For being a relatively simple thing, period tracking apps are somewhat riddled with controversy; in the past few years, they’ve been accused of selling private health data to Facebook, taking funding from anti-abortion sources, and causing scores of unintended pregnancies. And now a new report from the New York Times identifies yet another flaw in two period trackers that are trying to mine their piles of data to predict health problems: Both Clue and Flo seem to be leading a disproportionate number of users to believe they have polycystic ovarian syndrome, or PCOS, thanks to faulty screening methods and thin science.
Clue and Flo recently introduced tools to evaluate user risk for PCOS, a hormonal imbalance disorder that often causes irregular periods. But as the New York Times reported on Sunday, neither app performed high-level clinical studies to test the accuracy of their PCOS assessments, nor did they properly study the potential for over-diagnosis. There are other issues, too: Clue relied on virtual patients, rather than human ones, to test its assessment tools; Flo neglected to ask about eating disorders and workout routines (two things that affect menstrual regularity); and Flo’s questions were found to be worded in a way that pushes users toward false positives.
Because of all these problems, an inordinately high percentage of users have been told they may have PCOS, when they’re actually either completely healthy, or just have a benign hormonal imbalance. The developer of Clue didn’t disclose the number of patients the app suspected of having PCOS, but Flo reportedly recommended that about 38 percent of users who completed the health assessment see their doctor about PCOS. For context, studies estimate the prevalence of PCOS is somewhere between 4.6 and 8 percent.
The issues with Clue and Flo’s proprietary health assessments are indicative of a growing problem in digital health tracking: As the New York Times pointed out, the FDA generally doesn’t have to vet the effectiveness for consumer apps or tools that merely make suggestions, and aren’t used for actual diagnostics. While apps that rely on user-reported data may be well-suited to help a person predict when their next period will be, for example, they’re still sort of in the wild west stages of being able to suggest health risks or outcomes. Aside from the stress and chaos of a false positive (women the New York Times spoke with said they were briefly concerned they’d be unable to get pregnant), this can lead to unnecessary testing and associated costs—especially with something like PCOS, a disorder that’s extremely difficult to diagnose, and which doesn’t have a totally agreed-upon set of characteristics.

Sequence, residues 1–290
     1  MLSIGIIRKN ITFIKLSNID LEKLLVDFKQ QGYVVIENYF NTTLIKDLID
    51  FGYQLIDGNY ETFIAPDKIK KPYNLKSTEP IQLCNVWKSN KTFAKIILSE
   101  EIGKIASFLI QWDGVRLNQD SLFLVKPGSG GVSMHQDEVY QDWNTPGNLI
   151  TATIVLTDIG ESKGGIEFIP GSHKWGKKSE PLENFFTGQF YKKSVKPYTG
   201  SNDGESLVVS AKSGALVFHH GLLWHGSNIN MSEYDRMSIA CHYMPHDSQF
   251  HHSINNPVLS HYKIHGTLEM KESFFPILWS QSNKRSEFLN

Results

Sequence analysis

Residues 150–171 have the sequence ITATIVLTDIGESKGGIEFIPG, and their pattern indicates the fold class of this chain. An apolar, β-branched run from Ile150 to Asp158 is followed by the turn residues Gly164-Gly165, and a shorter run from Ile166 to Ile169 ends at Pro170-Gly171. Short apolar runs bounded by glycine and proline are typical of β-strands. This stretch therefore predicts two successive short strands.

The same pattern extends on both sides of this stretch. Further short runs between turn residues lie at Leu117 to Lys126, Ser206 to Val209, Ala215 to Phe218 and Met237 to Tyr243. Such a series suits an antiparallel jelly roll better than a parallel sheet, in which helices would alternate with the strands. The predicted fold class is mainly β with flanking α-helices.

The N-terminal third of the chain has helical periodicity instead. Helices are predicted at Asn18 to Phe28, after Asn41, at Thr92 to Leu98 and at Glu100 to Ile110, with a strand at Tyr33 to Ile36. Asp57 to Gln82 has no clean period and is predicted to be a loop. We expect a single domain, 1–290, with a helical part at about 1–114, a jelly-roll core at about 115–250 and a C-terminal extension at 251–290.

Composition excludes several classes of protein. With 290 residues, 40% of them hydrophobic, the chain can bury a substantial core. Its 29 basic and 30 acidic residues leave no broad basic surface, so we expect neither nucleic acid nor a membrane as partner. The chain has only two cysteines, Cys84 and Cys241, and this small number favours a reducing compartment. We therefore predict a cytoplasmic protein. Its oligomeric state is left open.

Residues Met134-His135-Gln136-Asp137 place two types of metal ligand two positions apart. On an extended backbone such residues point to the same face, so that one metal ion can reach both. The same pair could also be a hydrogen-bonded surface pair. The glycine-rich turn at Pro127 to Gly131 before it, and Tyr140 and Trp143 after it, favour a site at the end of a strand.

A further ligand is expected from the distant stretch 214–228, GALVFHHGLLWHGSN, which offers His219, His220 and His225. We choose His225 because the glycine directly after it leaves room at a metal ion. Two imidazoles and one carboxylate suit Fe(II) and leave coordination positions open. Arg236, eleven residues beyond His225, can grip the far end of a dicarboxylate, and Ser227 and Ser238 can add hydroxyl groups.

Even when the FDA does grant approval to consumer apps and tools, there might still be major flaws that are less likely to exist in a doctor’s office. Earlier this year, several studies found issues in suggestions made by at-home DNA kits like 23andMe and Ancestry, which were discovered to be delivering a high number of false positives for sometimes devastating health conditions. While the FDA authorized DTC kits to report on certain mutations in the BRCA breast cancer genes in 2018, it did so with many qualifiers—signaling that a spit-tube isn’t a replacement for in-office medical testing. Experts also question the ability of Apple Watch’s ECG feature to warn people about AFib, even though Apple said it worked with the FDA to develop the feature.
As more consumer apps and services join the extremely popular game of using their mounds of data to push users toward healthcare, it seems like the scrutiny applied by the FDA should be more severe. To be fair, the existing brands aren’t suggesting they can be used in lieu of a doctor; they’re merely suggesting that, Hey, maybe you should see one? But tools that ultimately funnel people into the healthcare system and (potentially) into medical debt shouldn’t be able to skate by with thin evidence of effectiveness just because they’re making suggestions instead of firm diagnoses. If consumer apps are going to use their technology’s ability to tell you about your own health, based on the data you fork over, as a marketing technique, the recommendations should be as valid as possible. Right now, it certainly appears that they’re not.
Sign up for our newsletter to get the best of VICE delivered to your inbox daily.
Follow Hannah Smothers on Twitter.